Vespula (Paravespula) vulgaris | Common Wasp



Conservation status

Ireland: unknown.

Europe: unknown.

Global: unknown.   

Native status


Species Biology


Note: Phenotypically very similar to Vespula germanica.

  • Yellow and black.
  • Eyes almost touch the mandibles i.e. the oculo-malar space is short (the distance between mandible and lower margin of eye shorter than the width of the antennal scape (the basal segment of the antennae)). 
  • Clypeus (front of the head between the eyes) is yellow with a black anchor-shaped marking.
  • Ocular sinus yellow with inner margin of the eye concave.
  • Gena (band at the side of the head behind the eye) interrupted by a black mark, yellow on male.
  • Yellow lateral band on the thorax not widened (widening apparent with V. germanica).

Preferred environment

Adult habitat & habits


Can be found in many types of temperate habitats.  Found usually in open habitats including urban areas, which in the Irish context means it is fairly ubiquitous and can be found almost everywhere. 

Nests are mostly subterranean (8-15 cm in depth) (e.g. in rodent burrows or earth cracks). Aerial nests are always in enclosed spaces (e.g. tree hollows, attics, wall voids, dense vegetation). Aerial sites are more frequent in urban areas. 

Adult wasps leaving and entering a colony often carry materials which have a nutritional or nest-building function, and sometimes a sanitation or nest-cooling function. The main materials brought into a colony are fluids, including water in the crop, and pulp and flesh carried in the mandibles.

The pulp is used as a building material for the envelopes and combs of the nest. V. vulgaris is known to use rotten wood. 

The fluids, with their dissolved carbohydrates, and the flesh are used to maintain the metabolic activities of the larvae and adults, for the growth and development of the larvae, for egg maturation in the queen and to build up reserves in the newly reared sexuals. Water is used in the nest building process and as an aid to reducing colony temperature when it becomes too hot. In general, water is obtained from open sources such as ponds and streams, fluids from the nectaries of flowers, extra-floral nectaries (e.g. laurel), honeydew, ripe fruit, sap flows and mad-made sweet substances.

Prey and flesh food are usually derived from live insects and other arthropods, particularly spiders, but are also scavenged from dead arthropods and vertebrates including man-derived sources. For example prey items usually consist of flies, lepidopteran larvae, spiders etc. 

Flight period

Generally from early March to the end of October (essentially once the warmth of Spring arrives until the colony terminates due to the cold weather that winter brings at the end of the year). Some colonies may overwinter, dying out in early spring. 

Life stages

Life cycle

The life cycle of social wasps including that of V. vulgaris can be divided into four phases, namely the foundation, worker, reproductive, and intermediate phases.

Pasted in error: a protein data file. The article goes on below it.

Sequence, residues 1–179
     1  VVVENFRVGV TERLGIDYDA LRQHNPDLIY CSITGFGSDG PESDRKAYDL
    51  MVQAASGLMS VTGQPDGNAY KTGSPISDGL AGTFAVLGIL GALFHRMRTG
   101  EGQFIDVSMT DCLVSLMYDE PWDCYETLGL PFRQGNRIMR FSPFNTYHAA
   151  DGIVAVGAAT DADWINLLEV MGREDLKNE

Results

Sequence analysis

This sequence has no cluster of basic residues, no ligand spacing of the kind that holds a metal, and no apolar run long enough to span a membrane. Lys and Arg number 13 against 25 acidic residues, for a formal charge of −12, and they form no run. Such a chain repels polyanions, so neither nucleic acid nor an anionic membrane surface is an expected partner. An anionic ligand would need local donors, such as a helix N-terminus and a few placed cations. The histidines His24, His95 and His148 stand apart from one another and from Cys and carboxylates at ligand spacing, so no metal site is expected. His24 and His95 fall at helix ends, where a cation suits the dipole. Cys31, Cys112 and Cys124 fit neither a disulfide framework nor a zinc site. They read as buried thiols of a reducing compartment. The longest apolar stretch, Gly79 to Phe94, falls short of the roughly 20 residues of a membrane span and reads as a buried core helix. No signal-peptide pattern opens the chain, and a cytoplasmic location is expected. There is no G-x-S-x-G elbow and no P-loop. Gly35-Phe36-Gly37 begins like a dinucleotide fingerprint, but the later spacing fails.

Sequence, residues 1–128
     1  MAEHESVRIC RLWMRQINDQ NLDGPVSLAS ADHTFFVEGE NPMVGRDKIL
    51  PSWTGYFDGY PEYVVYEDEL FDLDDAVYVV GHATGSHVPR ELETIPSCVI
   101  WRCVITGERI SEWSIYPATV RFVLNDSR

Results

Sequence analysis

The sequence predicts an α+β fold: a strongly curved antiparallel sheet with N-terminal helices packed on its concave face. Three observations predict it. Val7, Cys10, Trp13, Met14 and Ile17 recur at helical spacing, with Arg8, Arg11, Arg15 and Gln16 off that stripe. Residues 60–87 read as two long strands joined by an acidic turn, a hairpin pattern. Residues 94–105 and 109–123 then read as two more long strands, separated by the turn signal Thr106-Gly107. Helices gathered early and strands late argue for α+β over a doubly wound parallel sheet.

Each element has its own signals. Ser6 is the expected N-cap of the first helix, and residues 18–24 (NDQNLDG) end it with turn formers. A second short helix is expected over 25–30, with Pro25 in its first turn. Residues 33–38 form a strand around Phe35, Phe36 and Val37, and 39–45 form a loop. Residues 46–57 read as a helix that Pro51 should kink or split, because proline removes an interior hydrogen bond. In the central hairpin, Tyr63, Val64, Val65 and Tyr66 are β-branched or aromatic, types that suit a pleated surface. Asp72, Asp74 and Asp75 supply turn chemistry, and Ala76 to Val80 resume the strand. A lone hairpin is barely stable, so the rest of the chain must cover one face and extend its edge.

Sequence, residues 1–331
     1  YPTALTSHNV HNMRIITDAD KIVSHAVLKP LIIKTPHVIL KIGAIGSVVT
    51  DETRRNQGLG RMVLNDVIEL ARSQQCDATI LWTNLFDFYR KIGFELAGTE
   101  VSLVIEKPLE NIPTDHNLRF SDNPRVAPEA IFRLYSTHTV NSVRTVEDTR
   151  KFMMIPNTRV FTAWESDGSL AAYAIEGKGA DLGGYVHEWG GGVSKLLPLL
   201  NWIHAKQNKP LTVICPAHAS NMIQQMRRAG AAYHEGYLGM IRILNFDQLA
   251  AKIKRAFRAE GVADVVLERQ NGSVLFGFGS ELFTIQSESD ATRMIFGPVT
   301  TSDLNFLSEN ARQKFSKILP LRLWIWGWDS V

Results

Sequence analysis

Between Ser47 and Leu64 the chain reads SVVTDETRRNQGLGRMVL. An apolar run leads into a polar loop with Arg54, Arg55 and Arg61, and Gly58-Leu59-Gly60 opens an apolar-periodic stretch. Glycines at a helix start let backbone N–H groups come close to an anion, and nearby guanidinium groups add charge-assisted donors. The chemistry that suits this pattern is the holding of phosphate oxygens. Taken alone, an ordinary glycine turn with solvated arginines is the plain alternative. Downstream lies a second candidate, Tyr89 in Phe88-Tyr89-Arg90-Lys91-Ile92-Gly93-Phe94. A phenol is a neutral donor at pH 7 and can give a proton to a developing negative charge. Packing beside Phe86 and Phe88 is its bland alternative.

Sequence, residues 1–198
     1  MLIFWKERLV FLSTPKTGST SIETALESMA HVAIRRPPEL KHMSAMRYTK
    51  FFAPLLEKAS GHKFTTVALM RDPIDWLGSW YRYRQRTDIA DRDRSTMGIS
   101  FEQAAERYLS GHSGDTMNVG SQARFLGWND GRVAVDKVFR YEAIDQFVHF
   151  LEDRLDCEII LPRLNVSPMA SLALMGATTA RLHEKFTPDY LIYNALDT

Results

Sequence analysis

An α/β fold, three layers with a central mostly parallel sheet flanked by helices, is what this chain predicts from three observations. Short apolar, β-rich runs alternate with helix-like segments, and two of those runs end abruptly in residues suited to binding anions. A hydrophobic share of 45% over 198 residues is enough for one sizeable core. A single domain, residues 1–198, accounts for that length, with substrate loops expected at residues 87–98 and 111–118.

Overwintering queens emerge from early March with nest foundation by the single queen from mid-May. The first workers emerge from early June which signals the start of the worker phase. Further workers are then produced in time before the reproductives (new queens called gynes and males called drones) leave for their mating flights from mid-September i.e. the intermediate phase. The colony terminates usually from the end of October and rarely to early February with the death or inactivity of the queen. 

Nesting biology

Mature nests, on average, consist of about 8250-8700 cells in 6-12 combs. About about 10000 workers, 1000 queens and 1000 males are reared.

Flowers visited

In spring, queens visit cotoneaster and other early flowering shrubs for nectar. Males and the last workers are often found taking nectar from ivy flowers and the last remaining umbellifer flowers in October and November.


World distribution(GBIF)

Found throughout mainland England, Wales, Scotland and Ireland. Also recorded from the Isle of Man, Isles of Scilly, the Channel Islands, Outer Hebrides, Orkneys and Shetland. Elsewhere, it occurs in Europe, North Africa, northern and central Asia from Turkey to Japan and introduced into Iceland, New Zealand and south-eastern Australia.

Irish distribution


Temporal change

Records submitted to Data Centre in 2023

The following map is interactive. If you would prefer to view it full screen then click here.



Archer, Michael E. (2012) Vespinae Wasps of the World: Behaviour, Ecology & Taxonomy of the Vespinae. Manchester: SIRI Scientific Press.

Archer, Michael E. (2014) The Vespid Wasps: (Tipiidae, Mutillidae, Sapygidae, Scoliidae and Vespidae) of the British Isles. York: Royal Entomological Society. 

Dvorák, L. & Roberts, S.P.M. (2006) Key to the paper and social wasps of Central Europe (Hymenoptera: Vespidae). Acta Entomologica Musei Nationalis Pragae 46: 221-244.

Donovan, B.J. (1984) Ocurrence of the common wasp, Vespula vulgaris (L.) (Hymenoptera: Vespidae) in New Zealand. New Zealand Journal of Zoology 11: 417-427.

Bees, Wasps and Ants Recording Society: (